Code Of Ethics: It’s Not The Boy Scout Oath

Code Of Ethics: It's Not The Boy Scout Oath

Some years ago, I participated in a meeting of NAR (National Association of REALTORS®) directors from our state. To put it mildly, we — a sizeable group — were being admonished with respect to what had become a common problem. That is, too many directors were guilty of leaving meetings early, having made travel arrangements that were (a) convenient and (b) predictably incompatible with the likely time for adjournment. One of the directors there scolded the guilty ones because they, as REALTORS®, were supposedly committed to a Code of Ethics and, surely, failing to fulfill an obligation of their position constituted a violation of that ethical code. She was mistaken.

In previous writings we have tried to show that the Realtor® Code of Ethics is not simply an arbitrary set of rules, disconnected from everyday morals and ethics, meant to govern the behavior of REALTORS® as they pursue their profession. Rather, the Code, so to speak, grows out of our everyday ethical codes. It gives application of general ethical imperatives to the out-of-the-ordinary and specific situations found in the transaction of real estate business.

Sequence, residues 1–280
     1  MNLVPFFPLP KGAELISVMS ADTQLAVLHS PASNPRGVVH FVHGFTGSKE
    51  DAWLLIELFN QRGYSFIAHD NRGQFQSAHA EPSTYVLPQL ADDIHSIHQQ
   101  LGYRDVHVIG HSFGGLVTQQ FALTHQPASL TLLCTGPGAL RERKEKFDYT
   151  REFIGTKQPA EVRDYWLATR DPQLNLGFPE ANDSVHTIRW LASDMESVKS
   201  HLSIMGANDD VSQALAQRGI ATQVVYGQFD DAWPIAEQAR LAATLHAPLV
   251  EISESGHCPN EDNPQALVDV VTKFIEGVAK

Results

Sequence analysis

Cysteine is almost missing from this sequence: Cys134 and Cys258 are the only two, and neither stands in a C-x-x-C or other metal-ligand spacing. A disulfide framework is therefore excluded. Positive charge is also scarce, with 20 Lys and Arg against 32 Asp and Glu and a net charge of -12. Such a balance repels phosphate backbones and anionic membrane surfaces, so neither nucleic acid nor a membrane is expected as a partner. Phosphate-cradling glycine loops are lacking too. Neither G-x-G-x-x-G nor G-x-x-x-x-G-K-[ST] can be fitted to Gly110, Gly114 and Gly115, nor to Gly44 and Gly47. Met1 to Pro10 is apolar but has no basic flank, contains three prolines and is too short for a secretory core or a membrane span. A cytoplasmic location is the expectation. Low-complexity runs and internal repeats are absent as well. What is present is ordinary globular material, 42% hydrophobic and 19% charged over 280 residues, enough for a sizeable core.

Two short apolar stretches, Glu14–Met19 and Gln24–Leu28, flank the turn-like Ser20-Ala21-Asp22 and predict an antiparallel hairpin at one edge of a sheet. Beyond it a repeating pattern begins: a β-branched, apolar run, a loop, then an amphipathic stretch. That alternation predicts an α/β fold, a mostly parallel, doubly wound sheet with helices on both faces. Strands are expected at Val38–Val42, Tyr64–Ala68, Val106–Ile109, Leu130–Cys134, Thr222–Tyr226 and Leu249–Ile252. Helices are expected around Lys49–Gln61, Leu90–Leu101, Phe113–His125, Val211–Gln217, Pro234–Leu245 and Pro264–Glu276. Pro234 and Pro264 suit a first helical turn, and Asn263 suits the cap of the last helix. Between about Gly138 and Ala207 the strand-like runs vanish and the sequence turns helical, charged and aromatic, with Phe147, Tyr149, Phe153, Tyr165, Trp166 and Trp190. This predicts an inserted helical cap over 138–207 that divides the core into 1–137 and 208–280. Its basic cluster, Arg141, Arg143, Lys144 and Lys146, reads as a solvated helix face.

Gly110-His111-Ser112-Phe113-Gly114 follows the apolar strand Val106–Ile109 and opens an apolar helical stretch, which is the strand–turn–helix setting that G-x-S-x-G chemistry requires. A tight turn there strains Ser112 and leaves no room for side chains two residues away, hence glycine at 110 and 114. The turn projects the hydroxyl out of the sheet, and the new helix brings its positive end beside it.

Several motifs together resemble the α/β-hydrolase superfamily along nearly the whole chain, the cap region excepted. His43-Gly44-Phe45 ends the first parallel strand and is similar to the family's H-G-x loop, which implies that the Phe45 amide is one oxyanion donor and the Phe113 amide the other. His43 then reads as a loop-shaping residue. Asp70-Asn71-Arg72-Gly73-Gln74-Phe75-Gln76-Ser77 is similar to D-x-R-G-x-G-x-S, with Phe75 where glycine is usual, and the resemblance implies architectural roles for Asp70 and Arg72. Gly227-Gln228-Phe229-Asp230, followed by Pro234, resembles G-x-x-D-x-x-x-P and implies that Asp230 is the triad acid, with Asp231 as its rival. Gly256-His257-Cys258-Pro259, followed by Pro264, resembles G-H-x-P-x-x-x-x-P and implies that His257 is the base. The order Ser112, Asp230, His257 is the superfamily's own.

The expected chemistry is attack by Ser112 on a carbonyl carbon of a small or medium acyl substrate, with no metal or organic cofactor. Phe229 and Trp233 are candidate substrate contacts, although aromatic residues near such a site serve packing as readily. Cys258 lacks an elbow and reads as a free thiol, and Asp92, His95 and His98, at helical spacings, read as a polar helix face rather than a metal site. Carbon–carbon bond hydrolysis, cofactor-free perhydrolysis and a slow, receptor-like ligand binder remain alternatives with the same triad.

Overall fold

In that respect, the Realtor® Code is similar to other professional codes that are designed to give guidance to those who find themselves in ethically-charged situations not experienced in everyday life.

The Realtor® Code, like other professional codes, is intended to supplement general ethical principles, not to supplant them. It is not the Boy Scout Oath. It does not, like that oath, require that its adherents be “morally straight.” Confounding as it may be, it’s conceivable that a person could be a Code-compliant, professionally-ethical Realtor®, while all the while being a bit of a scoundrel during the off hours.

Some years ago, a California Realtor® was found by a Hearing Panel to have violated Article 1 of the Code of Ethics. A buyer’s agent, he stole a bottle of wine from a listing. The act was recorded by a security camera. When contacted, the agent acknowledged his guilt and returned the bottle of wine. An Ethics Hearing found that the agent’s act violated the Article 1 duty to treat all parties to the transaction honestly.

My reaction to this true story is that, to be sure, he did something both morally and legally wrong, but doing something wrong is not in and of itself a violation of the Code of Ethics. Moreover, I did not think that the act of stealing from someone is not, by itself, an act of dishonesty. (Certainly, dishonesty may be involved in some thefts.) Hence, I think that this is an example of trying to make the Code do too much. And I think we should avoid that.

My dear friend and colleague, Duane Gomer, disagrees with me. He thinks it was a case of dishonesty, and that the Hearing Panel got it right. Now, Duane is a real estate educator and something of a guru. I always pay attention to what he says; but I can’t agree with him on this one. What say you?






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